The media influence how people experience social life. Media such as newspaper, television and film, are important sources of information, education and entertainment. It can be used to learn more about the world and the people in it. In this regard it can be said that the media represent, interpret and endorse aspects of social experience (O’Shaughnessy and Stadler, 2005). The media are also implicated in social regulation, or in other terms, the government of society. The media are implicated in government and politics in an obvious way because modern systems of democracy are conducted through the media.
But the media have a bigger role to play in government by structuring how society is controlled and maintained. In addition, while the media are owned and run by government, commercial, and community interests, commercial interests dominate. In this regard there is cause to argue that the media serve the interests of those who own them. Adorno and Horkheimer have argued that the mass media in particular operates as a ‘culture industry’ (Van Krieken et al, 2006: 441). It supplies ideological products for mass consumption that preserve and extend the dominating position of the ruling classes.
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There is also an argument that corporate monopolisation of media ownership and modes of production mean that the media have become the instrument of private capital and mediated colonisation. The essay will discuss the sociological aspects of the media and popular culture with reference to the social impact of the internet and related technologies and the role of media in globalisation. Probably the biggest technological change in media and communication in recent times has involved the rise of the internet and related technologies.
The internet has added a new, powerful, and rapidly changing technology to media and communication. Unlike the broadcast media, the internet also has pronounced interactive features because it allows people to communicate with each other. Innovations such as FaceBook and MySpace combine images, text, and messaging to create new possibilities for social interaction. Websites such as YouTube combine broadcast media with the self-directed properties of the internet. SMS texting has revolutionised the social lives of many people. All these media allow people to sustain relationships across time nd space in ways that have never before been possible. Some are concerned however, that over-reliance on such forms of communication reduces the importance of face-to-face social experience. Others argue that such media present new ways of defining our identities and establishing new kinds of social interaction (Castells, 2000). Since its introduction on a public scale in the 1990s, the internet has been associated with many changes in social experience. Many aspects of social life such as education, work, commerce and even personal relationships have changed through the internet.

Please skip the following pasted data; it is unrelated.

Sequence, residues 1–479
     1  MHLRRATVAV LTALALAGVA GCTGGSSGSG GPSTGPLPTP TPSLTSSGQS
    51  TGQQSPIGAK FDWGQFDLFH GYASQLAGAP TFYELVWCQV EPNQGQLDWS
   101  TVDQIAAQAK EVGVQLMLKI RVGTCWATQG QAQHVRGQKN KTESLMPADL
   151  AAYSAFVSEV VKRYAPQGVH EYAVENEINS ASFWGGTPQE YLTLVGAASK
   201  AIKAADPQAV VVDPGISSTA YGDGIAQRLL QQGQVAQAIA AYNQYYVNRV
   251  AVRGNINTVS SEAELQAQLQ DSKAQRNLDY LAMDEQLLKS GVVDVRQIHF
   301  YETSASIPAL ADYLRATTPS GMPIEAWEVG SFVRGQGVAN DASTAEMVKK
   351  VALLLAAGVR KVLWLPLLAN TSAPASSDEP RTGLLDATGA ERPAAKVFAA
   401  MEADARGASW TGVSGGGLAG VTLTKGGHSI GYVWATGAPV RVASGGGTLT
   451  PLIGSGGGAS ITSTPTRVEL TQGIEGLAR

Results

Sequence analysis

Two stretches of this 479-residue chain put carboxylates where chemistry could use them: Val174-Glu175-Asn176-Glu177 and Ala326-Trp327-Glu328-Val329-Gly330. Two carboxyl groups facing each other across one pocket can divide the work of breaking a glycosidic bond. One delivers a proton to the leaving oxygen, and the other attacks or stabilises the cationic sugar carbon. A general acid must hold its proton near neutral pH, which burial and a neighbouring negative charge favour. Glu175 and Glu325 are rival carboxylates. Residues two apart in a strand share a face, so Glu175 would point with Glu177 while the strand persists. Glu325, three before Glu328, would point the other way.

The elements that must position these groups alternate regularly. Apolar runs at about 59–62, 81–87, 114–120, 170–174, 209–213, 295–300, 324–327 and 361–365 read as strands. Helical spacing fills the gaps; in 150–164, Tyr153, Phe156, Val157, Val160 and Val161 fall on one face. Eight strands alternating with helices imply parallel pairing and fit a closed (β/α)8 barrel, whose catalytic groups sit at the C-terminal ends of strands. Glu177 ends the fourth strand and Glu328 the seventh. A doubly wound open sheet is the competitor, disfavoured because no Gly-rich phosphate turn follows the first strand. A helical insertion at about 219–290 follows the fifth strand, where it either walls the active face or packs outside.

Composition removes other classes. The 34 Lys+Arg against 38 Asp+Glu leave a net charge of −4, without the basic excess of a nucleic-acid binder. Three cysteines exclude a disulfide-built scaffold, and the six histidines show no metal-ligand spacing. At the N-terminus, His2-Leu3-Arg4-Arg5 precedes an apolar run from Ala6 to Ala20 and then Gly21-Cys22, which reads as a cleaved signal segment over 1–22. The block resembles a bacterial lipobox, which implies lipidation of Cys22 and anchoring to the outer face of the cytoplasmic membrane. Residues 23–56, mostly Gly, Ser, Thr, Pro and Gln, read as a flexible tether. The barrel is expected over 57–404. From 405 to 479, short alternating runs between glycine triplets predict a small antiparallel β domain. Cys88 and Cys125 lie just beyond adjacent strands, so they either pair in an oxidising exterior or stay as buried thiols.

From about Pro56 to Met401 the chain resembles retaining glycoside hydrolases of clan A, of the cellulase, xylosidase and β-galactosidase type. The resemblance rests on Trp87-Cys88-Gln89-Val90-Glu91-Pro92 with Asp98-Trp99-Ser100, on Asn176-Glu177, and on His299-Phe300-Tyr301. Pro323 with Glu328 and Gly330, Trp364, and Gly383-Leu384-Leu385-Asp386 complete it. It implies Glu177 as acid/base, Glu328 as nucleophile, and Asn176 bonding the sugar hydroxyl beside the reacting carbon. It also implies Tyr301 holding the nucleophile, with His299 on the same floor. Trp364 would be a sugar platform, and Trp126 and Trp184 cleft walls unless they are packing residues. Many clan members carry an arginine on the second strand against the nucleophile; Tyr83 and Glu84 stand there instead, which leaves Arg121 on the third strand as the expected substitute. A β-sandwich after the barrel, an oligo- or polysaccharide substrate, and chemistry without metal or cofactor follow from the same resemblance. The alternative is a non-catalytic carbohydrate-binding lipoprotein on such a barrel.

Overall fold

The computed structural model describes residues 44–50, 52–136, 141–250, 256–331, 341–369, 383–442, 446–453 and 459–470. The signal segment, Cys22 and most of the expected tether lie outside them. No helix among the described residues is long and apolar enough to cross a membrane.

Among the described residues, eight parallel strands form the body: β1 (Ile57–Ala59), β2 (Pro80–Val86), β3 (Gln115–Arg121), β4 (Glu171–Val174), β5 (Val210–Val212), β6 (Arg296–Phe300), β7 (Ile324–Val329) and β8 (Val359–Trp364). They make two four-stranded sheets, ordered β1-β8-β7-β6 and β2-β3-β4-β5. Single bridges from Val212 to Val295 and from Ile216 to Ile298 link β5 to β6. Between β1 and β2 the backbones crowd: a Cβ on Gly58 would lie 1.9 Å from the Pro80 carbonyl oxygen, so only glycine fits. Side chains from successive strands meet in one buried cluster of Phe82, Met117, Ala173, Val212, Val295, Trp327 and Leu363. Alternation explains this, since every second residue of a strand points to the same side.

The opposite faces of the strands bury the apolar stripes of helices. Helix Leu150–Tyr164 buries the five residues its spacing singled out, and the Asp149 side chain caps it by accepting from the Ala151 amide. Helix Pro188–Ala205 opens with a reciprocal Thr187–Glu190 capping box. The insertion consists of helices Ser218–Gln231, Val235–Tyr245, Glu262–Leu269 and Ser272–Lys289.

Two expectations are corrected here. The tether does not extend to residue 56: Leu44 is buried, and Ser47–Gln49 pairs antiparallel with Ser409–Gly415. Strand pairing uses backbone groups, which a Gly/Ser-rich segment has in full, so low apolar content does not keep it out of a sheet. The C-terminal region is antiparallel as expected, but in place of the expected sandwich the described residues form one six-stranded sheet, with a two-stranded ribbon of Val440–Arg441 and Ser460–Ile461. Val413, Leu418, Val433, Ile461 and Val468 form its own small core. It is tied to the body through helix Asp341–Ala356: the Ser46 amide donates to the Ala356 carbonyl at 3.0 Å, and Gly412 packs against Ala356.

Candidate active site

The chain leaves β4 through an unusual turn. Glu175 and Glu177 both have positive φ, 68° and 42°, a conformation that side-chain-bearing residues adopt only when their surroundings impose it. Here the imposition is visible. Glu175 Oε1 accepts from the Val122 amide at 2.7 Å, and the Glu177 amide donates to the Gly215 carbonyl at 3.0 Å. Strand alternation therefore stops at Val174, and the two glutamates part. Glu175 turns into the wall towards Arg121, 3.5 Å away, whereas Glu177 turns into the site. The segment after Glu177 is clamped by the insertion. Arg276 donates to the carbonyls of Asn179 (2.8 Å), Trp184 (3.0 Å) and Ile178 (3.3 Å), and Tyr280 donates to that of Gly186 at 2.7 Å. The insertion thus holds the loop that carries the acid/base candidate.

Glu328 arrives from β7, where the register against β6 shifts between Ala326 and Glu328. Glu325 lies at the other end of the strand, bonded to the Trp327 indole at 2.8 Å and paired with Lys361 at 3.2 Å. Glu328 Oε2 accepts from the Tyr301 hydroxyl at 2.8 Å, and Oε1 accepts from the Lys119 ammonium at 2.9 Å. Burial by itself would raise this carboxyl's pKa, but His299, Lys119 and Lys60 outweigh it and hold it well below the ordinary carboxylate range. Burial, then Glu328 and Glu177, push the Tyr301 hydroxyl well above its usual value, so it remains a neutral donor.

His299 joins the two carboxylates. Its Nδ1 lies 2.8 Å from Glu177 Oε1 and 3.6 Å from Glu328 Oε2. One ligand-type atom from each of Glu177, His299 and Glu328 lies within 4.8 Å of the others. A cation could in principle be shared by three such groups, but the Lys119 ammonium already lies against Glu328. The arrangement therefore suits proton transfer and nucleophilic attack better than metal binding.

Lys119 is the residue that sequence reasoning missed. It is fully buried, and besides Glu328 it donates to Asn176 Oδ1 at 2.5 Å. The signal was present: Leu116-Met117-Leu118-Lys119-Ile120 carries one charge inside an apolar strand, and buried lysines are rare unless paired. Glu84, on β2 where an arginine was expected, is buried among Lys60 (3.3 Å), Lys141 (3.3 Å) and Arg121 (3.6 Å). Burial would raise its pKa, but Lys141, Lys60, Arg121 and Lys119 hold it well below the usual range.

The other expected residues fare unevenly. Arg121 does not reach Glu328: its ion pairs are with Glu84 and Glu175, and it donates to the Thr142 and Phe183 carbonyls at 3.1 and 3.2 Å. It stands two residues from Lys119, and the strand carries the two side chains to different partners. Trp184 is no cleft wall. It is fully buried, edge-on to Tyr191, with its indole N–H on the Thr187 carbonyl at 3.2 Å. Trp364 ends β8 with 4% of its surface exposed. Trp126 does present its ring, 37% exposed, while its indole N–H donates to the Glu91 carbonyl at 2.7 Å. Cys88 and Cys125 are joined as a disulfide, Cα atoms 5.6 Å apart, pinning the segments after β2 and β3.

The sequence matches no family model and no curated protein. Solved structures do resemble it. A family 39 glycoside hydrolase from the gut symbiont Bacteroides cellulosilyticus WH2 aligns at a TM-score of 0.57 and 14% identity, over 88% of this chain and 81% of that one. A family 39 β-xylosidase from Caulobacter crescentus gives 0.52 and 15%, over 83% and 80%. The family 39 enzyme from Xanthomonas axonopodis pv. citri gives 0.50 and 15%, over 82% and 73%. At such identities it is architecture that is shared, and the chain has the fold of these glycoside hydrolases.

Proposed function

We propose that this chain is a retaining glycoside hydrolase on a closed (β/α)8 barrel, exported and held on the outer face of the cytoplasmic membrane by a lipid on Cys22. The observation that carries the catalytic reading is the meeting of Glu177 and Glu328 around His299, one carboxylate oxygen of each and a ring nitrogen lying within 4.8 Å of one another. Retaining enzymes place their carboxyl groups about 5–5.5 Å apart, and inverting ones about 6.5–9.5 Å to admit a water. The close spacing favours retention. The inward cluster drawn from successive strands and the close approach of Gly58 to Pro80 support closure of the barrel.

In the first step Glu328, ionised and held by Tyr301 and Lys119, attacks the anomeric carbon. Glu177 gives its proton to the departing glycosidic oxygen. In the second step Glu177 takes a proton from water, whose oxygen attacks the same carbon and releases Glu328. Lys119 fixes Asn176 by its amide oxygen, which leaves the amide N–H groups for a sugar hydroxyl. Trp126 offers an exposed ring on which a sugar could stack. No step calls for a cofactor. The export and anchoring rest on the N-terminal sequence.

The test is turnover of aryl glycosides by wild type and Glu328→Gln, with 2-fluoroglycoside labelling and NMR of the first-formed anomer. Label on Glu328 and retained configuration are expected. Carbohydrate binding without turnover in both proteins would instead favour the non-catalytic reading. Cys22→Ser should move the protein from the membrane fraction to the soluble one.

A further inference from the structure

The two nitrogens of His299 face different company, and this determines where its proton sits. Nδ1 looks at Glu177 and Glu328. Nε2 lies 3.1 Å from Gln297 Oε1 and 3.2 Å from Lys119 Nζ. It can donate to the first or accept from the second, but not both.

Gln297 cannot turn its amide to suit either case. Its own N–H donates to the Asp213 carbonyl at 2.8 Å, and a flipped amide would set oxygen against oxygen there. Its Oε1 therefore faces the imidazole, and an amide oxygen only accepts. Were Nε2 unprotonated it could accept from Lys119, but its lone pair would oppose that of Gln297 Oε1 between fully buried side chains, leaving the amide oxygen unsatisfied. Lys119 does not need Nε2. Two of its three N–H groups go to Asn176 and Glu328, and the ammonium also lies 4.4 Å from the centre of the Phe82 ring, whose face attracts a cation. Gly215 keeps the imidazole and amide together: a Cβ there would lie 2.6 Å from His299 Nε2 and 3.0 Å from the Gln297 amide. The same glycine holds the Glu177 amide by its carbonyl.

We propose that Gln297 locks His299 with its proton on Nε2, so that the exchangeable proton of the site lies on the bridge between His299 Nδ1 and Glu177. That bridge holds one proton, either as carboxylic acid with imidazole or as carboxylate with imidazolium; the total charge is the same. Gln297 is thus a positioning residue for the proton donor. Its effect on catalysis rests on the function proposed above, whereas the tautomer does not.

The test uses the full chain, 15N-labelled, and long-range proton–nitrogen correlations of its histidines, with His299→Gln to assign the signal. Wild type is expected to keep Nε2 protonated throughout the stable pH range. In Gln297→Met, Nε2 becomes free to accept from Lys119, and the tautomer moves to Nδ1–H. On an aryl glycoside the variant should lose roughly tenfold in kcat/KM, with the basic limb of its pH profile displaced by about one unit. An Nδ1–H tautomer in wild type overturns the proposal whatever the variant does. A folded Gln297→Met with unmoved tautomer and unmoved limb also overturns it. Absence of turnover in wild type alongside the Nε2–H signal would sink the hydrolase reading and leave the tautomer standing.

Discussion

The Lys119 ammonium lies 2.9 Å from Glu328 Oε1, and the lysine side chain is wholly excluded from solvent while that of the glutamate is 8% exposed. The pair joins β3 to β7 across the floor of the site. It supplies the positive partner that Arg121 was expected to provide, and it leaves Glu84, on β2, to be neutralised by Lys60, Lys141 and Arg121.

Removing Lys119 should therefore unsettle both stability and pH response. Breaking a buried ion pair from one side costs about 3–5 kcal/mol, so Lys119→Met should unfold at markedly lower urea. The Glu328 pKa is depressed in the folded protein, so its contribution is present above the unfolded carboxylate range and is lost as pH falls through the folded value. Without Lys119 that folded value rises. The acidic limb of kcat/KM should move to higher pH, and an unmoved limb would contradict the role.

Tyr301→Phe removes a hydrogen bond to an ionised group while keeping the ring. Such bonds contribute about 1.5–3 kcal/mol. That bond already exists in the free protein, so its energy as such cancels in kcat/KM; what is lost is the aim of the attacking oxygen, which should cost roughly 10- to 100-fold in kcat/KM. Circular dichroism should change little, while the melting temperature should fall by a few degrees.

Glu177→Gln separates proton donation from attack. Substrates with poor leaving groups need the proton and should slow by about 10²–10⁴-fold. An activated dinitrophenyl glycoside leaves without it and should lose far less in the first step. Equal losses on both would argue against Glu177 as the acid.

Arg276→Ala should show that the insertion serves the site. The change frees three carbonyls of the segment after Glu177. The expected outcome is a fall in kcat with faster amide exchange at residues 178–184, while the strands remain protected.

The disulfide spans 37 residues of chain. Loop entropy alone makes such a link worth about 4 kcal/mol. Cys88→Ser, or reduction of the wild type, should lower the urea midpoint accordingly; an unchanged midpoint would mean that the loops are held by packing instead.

However, researchers have found that, at least in the early years, access to the internet is shaped according to gender, class, ethnicity and education. During the 1990s the typical information technology user was a white, male, professional with a background in IT. This bias in internet access was named the ‘digital divide’ to point out the implied social inequalities. It was said that the internet was managed and exploited by one group at the expense of others (Mosco, 2004) but today the digital divide no longer exist to an extend it once did simply because of the growing number of internet users worldwide.
In terms of sociological aspects cyberculture and social networking media. The term cyberculture is useful because it provides the basis for simultaneously addressing the new media technologies and their social effects. As such, cyberculture draws attention to several aspects of the society-technology link: the effects of new media technologies themselves, for example, email or SMS texting; the merging of the social and technological, for example, cybercultures are reliant on new media technologies but they are also understood as social practices and the assumptions, habits, rules and etiquette related to the use of these technologies.
For example, SMS texting relies on conventions of communication that have been invented by texters. All of which illustrate, the rising of new social groups. In order to determine the role of media in globalisation, it is important to look at cultural industries, the public sphere, and monopolisation. In terms of cultural industries it is essential to examine the work of Adorno. He believed that popular culture was not simply for entertainment and that the growth in popularity of mass media such as radio and television was related to processes of social exploitation and provided methods for the control of large populations.
In particular, Adorno believed that culture such as fine art, music and especially the popular mass media had become incorporated into capitalism. The modes, values and effects of mass production have therefore invaded culture. (Van Kreiken et al, 2006). Adorno and his followers argued that the culture industry adopts the methods of industry in general. As such, the methods applied to producing culture for popular consumption have the effect of reducing its cost and distributing it to many people. But such modes of production reduce its aesthetic value, with consequences for the quality of culture in general.